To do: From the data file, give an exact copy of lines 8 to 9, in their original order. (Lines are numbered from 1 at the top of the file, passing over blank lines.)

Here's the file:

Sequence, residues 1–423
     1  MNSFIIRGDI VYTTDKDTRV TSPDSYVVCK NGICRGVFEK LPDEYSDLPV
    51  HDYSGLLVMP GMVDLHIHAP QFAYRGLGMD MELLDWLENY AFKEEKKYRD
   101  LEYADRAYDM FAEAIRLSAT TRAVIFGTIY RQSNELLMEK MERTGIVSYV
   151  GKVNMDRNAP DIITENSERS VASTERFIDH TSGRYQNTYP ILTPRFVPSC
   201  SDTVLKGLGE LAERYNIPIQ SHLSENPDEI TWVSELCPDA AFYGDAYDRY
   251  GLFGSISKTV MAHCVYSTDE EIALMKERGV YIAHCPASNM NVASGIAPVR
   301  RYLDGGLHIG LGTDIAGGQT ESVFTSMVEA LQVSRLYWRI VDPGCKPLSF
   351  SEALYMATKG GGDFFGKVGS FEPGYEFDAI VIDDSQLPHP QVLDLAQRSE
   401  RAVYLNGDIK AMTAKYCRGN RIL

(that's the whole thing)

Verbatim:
   301  RYLDGGLHIG LGTDIAGGQT ESVFTSMVEA LQVSRLYWRI VDPGCKPLSF
   351  SEALYMATKG GGDFFGKVGS FEPGYEFDAI VIDDSQLPHP QVLDLAQRSE